by Travis Sharp
The $700 billion financial bailout package has drawn the ire of citizens throughout the United States. Both conservatives and liberals have voiced concern that the package bails out Wall Street titans, who caused the financial crisis in the first place, by placing an enormous burden on middle- and working-class taxpayers. At a time when people are losing their homes and struggling to make ends meet, many Americans find the $700 billion cost of the package to be simply unacceptable.
What many Americans probably don’t realize is that the United States is likely to spend $711 billion, more than the cost of the financial bailout, on national defense in the fiscal year that began on October 1, 2008.
How was this figure for defense spending calculated? The Bush administration requested $541 billion for National Defense (budget function 050) in fiscal year (FY) 2009. This $541 billion request is comprised of $515.4 billion for the Department of Defense (DOD), $15.6 billion for Department of Energy-administered nuclear weapons activities, $5.6 billion for non-DOD defense activities, and $4.4 billion for additional mandatory defense spending.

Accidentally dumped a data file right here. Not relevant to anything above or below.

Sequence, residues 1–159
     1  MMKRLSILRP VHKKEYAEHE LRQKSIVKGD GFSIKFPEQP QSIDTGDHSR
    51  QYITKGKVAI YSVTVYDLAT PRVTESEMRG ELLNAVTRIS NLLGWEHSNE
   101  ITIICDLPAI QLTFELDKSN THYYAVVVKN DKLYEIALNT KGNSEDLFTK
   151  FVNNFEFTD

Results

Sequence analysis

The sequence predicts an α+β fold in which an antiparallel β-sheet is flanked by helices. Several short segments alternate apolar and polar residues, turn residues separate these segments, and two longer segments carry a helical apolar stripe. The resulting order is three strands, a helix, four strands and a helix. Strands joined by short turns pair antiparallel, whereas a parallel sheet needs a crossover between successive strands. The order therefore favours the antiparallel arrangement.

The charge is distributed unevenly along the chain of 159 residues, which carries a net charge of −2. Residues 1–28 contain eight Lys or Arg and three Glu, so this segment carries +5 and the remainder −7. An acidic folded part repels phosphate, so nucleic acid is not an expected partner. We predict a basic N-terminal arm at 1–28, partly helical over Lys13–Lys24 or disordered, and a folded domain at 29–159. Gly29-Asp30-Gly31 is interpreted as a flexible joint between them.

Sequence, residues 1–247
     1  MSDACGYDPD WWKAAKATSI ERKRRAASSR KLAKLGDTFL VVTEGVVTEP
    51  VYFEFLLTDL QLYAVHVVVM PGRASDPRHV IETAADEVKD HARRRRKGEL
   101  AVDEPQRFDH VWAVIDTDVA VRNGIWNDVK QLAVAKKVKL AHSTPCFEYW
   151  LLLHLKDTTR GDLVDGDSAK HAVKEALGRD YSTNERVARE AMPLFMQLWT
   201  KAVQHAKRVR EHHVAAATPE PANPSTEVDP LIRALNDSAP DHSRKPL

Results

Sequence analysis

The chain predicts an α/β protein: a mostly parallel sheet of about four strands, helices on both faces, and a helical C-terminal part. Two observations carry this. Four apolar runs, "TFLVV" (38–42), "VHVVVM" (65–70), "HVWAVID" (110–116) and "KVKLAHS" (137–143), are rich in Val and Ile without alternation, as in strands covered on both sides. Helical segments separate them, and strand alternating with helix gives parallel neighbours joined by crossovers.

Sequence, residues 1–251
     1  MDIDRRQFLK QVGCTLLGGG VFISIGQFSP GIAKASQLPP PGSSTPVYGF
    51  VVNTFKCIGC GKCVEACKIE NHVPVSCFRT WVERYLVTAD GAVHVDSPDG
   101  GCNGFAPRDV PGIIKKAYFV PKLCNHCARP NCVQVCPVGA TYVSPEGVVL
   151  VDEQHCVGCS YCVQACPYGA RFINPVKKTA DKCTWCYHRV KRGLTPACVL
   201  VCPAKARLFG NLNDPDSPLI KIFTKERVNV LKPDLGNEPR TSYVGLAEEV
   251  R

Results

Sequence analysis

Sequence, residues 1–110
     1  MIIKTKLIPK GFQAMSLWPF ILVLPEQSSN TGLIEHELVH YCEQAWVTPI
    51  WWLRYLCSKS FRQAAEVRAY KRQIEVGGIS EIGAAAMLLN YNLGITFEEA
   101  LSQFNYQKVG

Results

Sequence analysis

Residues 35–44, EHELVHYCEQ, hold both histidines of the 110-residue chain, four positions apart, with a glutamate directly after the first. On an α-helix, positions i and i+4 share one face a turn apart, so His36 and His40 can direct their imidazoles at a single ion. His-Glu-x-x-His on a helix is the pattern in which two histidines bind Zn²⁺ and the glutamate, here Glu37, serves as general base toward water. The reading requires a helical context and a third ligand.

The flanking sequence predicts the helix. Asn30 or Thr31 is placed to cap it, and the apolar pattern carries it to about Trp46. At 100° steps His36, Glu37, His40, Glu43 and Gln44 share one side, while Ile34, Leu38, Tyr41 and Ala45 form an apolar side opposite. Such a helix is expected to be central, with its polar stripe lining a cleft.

The administration also submitted a $70 billion placeholder FY 2009 request for ongoing military operations in Iraq and Afghanistan, which was passed by Congress and President Bush in June 2008. This $70 billion, however, will not be enough to fund Iraq and Afghanistan through all of FY 2009. Don’t forget that $195 billion was spent on the wars in FY 2008.
Secretary of Defense Robert Gates suggested in February 2008 that $170 billion might be needed to fund Iraq and Afghanistan through all of FY 2009. Using this $170 billion estimate, which remains a reasonable projection even if troop withdrawals from Iraq commence in early 2009, a combined total of at least $711 billion will be spent by the United States on national defense in FY 2009.
A troubled economy and soaring defense spending are not the only factors contributing to the gathering storm. Declining tax revenues and growing mandatory spending are also clouding the fiscal skies. The Bush administration’s tax cuts helped increase the gross national debt by over 70 percent (approximately $4 trillion) since FY 2001, forcing the government to spend more on debt interest payments despite generating less tax revenue. Federal spending on both mandatory programs (like Social Security) and debt interest payments, if current trends hold, will consume two-thirds of government revenues by 2015, crowding out other spending priorities like defense, education, and housing assistance.
In short, the United States is approaching a time when budgetary choices desperately need to be made.